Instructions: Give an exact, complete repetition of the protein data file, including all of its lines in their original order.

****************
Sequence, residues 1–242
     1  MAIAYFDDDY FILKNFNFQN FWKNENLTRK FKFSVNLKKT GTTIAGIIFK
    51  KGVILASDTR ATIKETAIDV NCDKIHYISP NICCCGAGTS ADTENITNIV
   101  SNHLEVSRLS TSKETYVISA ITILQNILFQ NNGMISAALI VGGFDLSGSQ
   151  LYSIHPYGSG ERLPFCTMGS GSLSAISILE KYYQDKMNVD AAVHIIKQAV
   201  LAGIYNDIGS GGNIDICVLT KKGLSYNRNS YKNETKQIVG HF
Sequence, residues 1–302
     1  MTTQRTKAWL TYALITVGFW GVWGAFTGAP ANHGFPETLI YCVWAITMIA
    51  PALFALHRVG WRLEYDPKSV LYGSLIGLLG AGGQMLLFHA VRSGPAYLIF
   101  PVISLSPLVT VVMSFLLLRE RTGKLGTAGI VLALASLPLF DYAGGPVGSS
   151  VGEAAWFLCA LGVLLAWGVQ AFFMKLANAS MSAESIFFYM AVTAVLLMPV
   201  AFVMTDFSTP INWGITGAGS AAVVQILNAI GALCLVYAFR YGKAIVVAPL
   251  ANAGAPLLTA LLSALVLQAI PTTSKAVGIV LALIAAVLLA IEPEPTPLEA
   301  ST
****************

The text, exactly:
Sequence, residues 1–242
     1  MAIAYFDDDY FILKNFNFQN FWKNENLTRK FKFSVNLKKT GTTIAGIIFK
    51  KGVILASDTR ATIKETAIDV NCDKIHYISP NICCCGAGTS ADTENITNIV
   101  SNHLEVSRLS TSKETYVISA ITILQNILFQ NNGMISAALI VGGFDLSGSQ
   151  LYSIHPYGSG ERLPFCTMGS GSLSAISILE KYYQDKMNVD AAVHIIKQAV
   201  LAGIYNDIGS GGNIDICVLT KKGLSYNRNS YKNETKQIVG HF
Sequence, residues 1–302
     1  MTTQRTKAWL TYALITVGFW GVWGAFTGAP ANHGFPETLI YCVWAITMIA
    51  PALFALHRVG WRLEYDPKSV LYGSLIGLLG AGGQMLLFHA VRSGPAYLIF
   101  PVISLSPLVT VVMSFLLLRE RTGKLGTAGI VLALASLPLF DYAGGPVGSS
   151  VGEAAWFLCA LGVLLAWGVQ AFFMKLANAS MSAESIFFYM AVTAVLLMPV
   201  AFVMTDFSTP INWGITGAGS AAVVQILNAI GALCLVYAFR YGKAIVVAPL
   251  ANAGAPLLTA LLSALVLQAI PTTSKAVGIV LALIAAVLLA IEPEPTPLEA
   301  ST